The concept of SomersetNorth has been an ambition of mine for several years but 2019 has saw it come to fruition. To every one of you who have read, contributed, commented in the last 5 months thank you for the bottom of my heart.
It really is hard to believe that it was only at the start of August that the site launched. Despite having written extensively in other places devoted to Somerset Cricket I needed room to breathe as a writer, something which other sites did not allow me. The confidence of having the first piece I submitted to The Nightwatchman accepted for publication came at just the right time. So did the support of so many at Somerset County Cricket Club encouraged me to take the plunge. Special thanks are therefore due to Tanya Aldred, Tom Abell, Spencer Bishop, Michelle Brooks, and Ben Warren for their time and words when I needed them.
I’d also like to thank BBC Somerset’s Anthony Gibson, Stephen Lamb and Charlie Taylor. Not just for the hours of excellent commentary but also for what they have done to support and encourage my second career. And finally, Steve Jennings who gave me the opportunity to reach an audience with my writing.
Julian Wyatt was kind enough to be the trailblazing first guest writer on the site. I want SomersetNorth to be a place for all supporters to have a voice, not just mine. To that end I am working hard to bring further guest writers on board.
The new year / new decade is a cause of great concern for all cricket supporters. There will be a lot to talk about and I intend the first full season for SomersetNorth will be right at the heart of that discussion.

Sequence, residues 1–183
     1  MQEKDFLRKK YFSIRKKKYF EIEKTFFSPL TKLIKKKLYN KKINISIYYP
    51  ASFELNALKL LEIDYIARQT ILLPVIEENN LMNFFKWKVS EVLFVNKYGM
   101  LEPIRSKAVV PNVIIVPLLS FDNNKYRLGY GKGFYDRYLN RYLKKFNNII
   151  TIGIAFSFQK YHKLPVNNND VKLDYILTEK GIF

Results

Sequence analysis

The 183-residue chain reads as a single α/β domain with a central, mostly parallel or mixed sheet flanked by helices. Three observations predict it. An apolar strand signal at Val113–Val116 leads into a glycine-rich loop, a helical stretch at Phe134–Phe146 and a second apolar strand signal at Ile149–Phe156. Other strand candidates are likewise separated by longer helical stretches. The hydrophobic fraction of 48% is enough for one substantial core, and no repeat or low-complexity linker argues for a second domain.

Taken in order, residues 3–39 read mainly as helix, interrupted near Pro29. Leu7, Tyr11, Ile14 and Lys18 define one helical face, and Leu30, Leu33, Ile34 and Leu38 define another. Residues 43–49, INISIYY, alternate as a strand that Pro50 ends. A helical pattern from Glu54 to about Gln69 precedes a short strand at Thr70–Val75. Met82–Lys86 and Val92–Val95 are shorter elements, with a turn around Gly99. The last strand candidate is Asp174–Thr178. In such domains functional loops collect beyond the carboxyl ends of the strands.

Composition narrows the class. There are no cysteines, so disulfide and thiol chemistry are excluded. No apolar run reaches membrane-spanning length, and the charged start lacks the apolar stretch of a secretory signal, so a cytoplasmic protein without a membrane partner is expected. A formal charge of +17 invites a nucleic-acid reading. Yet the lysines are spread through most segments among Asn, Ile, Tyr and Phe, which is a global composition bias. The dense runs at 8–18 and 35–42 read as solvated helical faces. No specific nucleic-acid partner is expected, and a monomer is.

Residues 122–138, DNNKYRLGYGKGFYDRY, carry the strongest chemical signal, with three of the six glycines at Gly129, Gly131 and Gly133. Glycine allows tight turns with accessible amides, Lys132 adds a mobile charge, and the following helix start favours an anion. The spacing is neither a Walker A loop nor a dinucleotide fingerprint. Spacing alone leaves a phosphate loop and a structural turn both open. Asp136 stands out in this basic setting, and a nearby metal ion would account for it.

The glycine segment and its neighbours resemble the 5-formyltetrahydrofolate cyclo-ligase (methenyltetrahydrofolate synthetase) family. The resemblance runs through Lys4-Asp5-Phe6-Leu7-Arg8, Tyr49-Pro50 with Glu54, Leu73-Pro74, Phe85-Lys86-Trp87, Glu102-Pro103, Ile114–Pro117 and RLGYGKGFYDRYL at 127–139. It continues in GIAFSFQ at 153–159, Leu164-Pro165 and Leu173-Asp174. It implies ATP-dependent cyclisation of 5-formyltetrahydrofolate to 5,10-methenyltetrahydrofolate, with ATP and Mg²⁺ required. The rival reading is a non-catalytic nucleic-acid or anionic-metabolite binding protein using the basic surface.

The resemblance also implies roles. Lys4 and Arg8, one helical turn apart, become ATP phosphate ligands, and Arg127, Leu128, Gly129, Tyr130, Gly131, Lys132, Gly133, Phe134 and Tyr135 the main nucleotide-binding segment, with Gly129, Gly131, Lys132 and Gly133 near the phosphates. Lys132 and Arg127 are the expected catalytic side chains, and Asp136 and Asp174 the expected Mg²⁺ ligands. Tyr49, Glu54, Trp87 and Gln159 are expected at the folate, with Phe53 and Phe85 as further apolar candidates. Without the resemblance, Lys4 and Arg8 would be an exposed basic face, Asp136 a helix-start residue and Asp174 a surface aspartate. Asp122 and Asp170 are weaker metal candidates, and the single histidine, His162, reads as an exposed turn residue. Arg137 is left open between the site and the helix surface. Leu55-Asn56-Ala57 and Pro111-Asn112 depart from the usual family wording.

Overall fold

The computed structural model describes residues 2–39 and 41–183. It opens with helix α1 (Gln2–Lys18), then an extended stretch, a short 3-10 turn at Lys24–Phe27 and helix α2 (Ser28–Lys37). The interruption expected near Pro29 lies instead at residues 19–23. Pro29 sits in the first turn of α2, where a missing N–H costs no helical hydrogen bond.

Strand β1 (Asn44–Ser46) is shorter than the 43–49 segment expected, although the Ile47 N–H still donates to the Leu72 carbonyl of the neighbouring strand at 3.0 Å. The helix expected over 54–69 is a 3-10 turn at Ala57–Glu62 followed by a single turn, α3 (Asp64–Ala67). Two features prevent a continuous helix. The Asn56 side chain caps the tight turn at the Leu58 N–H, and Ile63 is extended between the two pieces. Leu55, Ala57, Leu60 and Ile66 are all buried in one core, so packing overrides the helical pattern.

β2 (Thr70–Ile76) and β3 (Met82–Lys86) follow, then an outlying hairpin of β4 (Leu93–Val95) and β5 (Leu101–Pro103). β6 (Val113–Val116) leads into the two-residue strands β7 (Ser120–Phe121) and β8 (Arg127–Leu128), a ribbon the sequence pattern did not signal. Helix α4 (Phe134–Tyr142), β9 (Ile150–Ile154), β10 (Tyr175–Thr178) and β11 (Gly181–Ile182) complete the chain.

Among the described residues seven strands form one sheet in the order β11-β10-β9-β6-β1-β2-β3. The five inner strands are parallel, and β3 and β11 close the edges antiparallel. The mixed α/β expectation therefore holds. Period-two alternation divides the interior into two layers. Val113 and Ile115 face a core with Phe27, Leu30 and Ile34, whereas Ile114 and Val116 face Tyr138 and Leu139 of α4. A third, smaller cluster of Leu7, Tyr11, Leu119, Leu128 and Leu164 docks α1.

The site is already fully functional for interaction on all the social media platforms, if you haven’t used them yet please feel free to use them to comment on pieces as they are written. There is an easy to use Facebook comment box at the bottom of each article as well as share buttons which make 1-click sharing / sending a doddle. Ultimately the site will be so much better for the interaction it receives so please feel free.
2020 is going to be a year when it is even more important that the ordinary cricket supporter makes his or her voice heard. Sites like SomersetNorth have, I believe, a crucial role to play in this regard. So please feel free to contact me by the email link on the site if you have something to say or questions you would like answers to. I will do my best to deal with each and every email swiftly.
Somerset supporters should look back on 2019 with a smile, only one other county could reasonably argue to have had as good a season. The players can look back with great pride in what they achieved. We have a trophy back in Taunton. No one can take that away from them. From us.
But attention has to turn to the new year and begin to consider what it holds for Somerset Cricket. As we head into 2020 there are three numbers that, Sesame Street-like, will be at the forefront of my mind. 51, 12 and 1.
2020 will be my 51st season of following Somerset Cricket. As I push on beyond my half-century of devotion the burning desire to see Somerset’s first-ever Championship gets stronger and stronger.
That desire is tempered by the 12 – the points handicap we have to overcome to get to the elusive 1, that first-ever championship.
The 2020 cricket season is going to be a challenge for Somerset, its players and supporters. As we head into the new year there is so much uncertainty. The club is still looking for a Chief Executive, the repercussions of Andrew Cornish’s departure still linger below the surface. Encouragingly the appointment of the new chairman has now taken place, something which should facilitate the search for the man in day-to-day charge.